Delaying Iron therapy until 28 days after antimalarial treatment is associated with greater Iron incorporation and equivalent hematologic recovery after 56 days in children: A randomized controlled trial

Sarah E. Cusick, Robert O. Opoka, Steven A. Abrams, Chandy C. John, Michael K. Georgieff, Ezekiel Mupere

Research output: Contribution to journalArticlepeer-review

12 Scopus citations

Abstract

Background: Iron therapy begun concurrently with antimalarial treatment may not be well absorbed because of malariainduced inflammation. Delaying the start of iron therapy may permit better iron absorption and distribution. Objective: We compared erythrocyte iron incorporation in children who started iron supplementation concurrently with antimalarial treatment or 28 d later. We hypothesized that delayed iron supplementation would be associated with greater incorporation and better hematologic recovery. Methods: We enrolled 100 children aged 6-59 mo with malaria and hemoglobin concentrations of 50.0-99.9 g/L who presented to Mulago Hospital, Kampala, into a randomized trial of iron therapy. All children were administered antimalarial treatment. Children with zinc protoporphyrin (ZPP) ≥80 μmol/mol heme were randomly assigned to start iron supplementation concurrently with the antimalarial treatment [immediate iron (I) group] or 28 d later [delayed iron (D) group]. All children were administered iron-stable isotope 57Fe on day 0 and 58Fe on day 28. We compared the percentage of iron incorporation at the start of supplementation (I group at day 0 compared with D group at day 28, aim 1) and hematologic recovery at day 56 (aim 2). Results: The percentage of iron incorporation (mean ± SE)was greater at day 28 in the D group (16.5% ± 1.7%) than at day 0 in the I group (7.9% ± 0.5%; P < 0.001). On day 56, concentrations of hemoglobin and ZPP and plasma ferritin, soluble transferrin receptor (sTfR), hepcidin, and C-reactive protein did not differ between the groups. On day 28, the hemoglobin (mean ± SD) and plasma iron markers (geometricmean; 95% CI) reflected poorer iron status in the D group than in the I group at this intervening time as follows: hemoglobin (105 ± 15.9 compared with 112 ± 12.4 g/L; P = 0.04), ferritin (39.3 μg/L; 23.5, 65.7 μg/L compared with 79.9 μg/L; 58.3, 110 μg/L; P = 0.02), sTfR (8.9 mg/L; 7.4, 10.7 mg/L compared with 6.7 mg/L; 6.1, 7.5 mg/L; P = 0.01), and hepcidin (13.3 ng/mL; 8.3, 21.2 ng/mL compared with 38.8 ng/mL; 28.3, 53.3 ng/mL; P < 0.001). Conclusions: Delaying the start of iron improves incorporation but leads to equivalent hematologic recovery at day 56 in Ugandan children with malaria and anemia. These results do not demonstrate a clear, short-term benefit of delaying iron. This trial was registered at clinicaltrials.gov as NCT01754701.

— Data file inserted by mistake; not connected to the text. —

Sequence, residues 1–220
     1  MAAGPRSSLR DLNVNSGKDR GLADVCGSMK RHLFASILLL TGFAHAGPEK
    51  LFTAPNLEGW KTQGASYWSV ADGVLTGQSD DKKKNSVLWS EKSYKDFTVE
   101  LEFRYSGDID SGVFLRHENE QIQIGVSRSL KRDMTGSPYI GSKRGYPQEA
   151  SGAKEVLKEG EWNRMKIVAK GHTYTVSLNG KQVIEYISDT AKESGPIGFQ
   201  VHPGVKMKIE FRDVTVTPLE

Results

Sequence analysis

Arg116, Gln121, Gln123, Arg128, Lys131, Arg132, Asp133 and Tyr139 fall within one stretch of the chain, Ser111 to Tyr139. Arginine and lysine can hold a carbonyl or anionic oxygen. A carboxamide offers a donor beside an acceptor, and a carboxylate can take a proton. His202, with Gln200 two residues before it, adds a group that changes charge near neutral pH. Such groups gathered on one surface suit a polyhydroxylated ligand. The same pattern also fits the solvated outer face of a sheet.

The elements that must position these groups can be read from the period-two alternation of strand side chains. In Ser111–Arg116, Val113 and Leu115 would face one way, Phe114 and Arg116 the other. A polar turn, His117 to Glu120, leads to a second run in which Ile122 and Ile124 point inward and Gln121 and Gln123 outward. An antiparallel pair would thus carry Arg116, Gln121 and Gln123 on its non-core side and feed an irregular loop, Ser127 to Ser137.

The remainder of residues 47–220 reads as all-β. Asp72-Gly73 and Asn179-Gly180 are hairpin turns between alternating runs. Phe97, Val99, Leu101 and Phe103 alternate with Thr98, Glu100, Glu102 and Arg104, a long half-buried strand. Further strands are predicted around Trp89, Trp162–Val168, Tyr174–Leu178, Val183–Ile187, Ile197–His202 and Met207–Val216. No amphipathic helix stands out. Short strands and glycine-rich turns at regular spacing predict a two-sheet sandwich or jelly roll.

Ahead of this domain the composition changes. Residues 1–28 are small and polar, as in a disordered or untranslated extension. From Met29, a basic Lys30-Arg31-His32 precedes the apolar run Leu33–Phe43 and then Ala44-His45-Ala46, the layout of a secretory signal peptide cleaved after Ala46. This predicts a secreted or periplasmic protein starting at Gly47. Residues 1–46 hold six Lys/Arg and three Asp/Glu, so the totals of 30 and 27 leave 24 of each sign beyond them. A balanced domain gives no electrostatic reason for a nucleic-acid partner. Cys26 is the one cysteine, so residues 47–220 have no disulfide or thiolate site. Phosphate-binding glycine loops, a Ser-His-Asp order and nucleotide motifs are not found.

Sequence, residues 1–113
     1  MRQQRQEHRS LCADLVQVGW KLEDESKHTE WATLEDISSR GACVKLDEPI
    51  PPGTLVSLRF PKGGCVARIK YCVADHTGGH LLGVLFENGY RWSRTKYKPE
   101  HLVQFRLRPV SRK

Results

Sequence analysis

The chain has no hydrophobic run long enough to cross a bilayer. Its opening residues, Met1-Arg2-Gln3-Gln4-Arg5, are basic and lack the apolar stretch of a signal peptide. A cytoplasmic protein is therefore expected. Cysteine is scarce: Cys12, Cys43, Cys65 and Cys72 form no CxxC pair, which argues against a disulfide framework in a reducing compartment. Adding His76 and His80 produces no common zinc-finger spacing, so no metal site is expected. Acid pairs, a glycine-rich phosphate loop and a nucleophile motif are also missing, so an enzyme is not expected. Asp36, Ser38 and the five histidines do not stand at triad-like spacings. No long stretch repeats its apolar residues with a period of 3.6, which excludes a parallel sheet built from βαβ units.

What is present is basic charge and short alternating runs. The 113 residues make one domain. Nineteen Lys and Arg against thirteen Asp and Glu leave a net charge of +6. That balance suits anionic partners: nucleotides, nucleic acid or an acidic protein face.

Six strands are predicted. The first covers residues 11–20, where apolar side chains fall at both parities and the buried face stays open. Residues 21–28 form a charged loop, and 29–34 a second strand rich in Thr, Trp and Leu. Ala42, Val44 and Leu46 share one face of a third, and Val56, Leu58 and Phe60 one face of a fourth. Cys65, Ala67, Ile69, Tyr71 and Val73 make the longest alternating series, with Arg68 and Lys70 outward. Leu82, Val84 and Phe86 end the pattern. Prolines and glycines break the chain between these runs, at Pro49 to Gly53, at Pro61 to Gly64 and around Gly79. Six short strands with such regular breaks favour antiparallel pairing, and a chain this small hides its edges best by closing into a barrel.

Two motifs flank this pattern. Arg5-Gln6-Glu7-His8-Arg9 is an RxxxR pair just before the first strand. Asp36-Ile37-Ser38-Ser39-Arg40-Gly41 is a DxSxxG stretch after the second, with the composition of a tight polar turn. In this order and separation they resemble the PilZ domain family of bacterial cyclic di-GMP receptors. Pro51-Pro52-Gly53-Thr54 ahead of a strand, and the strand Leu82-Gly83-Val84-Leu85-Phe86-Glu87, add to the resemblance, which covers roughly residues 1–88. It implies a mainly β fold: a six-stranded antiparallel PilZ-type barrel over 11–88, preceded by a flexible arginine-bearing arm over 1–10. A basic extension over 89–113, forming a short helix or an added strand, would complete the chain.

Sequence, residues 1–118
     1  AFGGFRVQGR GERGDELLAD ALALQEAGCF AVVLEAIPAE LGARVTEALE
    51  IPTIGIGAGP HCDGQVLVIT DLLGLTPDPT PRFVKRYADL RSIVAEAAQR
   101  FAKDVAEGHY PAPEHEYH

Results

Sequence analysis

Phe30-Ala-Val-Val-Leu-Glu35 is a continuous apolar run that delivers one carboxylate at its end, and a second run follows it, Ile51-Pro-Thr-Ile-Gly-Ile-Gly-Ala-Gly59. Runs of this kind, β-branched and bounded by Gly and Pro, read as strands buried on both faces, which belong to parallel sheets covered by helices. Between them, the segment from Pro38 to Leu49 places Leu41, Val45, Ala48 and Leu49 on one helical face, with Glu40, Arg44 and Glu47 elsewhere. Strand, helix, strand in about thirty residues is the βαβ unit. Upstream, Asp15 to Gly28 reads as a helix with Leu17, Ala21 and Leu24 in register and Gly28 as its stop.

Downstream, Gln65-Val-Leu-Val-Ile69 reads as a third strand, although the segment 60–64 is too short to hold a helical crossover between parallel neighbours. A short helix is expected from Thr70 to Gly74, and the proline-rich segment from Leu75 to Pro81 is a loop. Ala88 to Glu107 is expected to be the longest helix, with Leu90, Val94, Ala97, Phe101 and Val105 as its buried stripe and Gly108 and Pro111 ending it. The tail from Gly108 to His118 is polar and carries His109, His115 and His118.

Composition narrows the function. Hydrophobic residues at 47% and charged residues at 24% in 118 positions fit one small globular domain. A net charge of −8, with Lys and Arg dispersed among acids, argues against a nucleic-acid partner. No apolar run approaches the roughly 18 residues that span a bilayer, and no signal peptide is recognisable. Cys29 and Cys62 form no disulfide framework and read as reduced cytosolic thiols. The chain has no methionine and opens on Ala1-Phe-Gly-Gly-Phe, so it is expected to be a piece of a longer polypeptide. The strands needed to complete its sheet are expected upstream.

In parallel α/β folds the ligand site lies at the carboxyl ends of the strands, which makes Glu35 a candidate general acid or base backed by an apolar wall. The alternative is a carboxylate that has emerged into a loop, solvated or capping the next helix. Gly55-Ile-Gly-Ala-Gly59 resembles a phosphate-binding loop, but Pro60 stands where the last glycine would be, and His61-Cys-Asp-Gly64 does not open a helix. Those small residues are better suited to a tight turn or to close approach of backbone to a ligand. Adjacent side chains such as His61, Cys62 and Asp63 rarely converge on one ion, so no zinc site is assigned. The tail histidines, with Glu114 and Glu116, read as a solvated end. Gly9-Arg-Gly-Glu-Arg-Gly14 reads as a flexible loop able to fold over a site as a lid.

Original languageEnglish (US)
Pages (from-to)1769-1774
Number of pages6
JournalJournal of Nutrition
Volume146
Issue number9
DOIs
StatePublished - 2016

Bibliographical note

Funding Information:
Supported by Eunice Kennedy Shriver National Institute of Child Health and Human Development grant 1R03HD074262 and National Center for Advancing Translational Sciences of the NIH award UL1TR000114 (KL2 award to SE Cusick).

Keywords

  • Iron
  • Iron-stable isotopes
  • Malaria
  • Timing of iron therapy
  • Uganda

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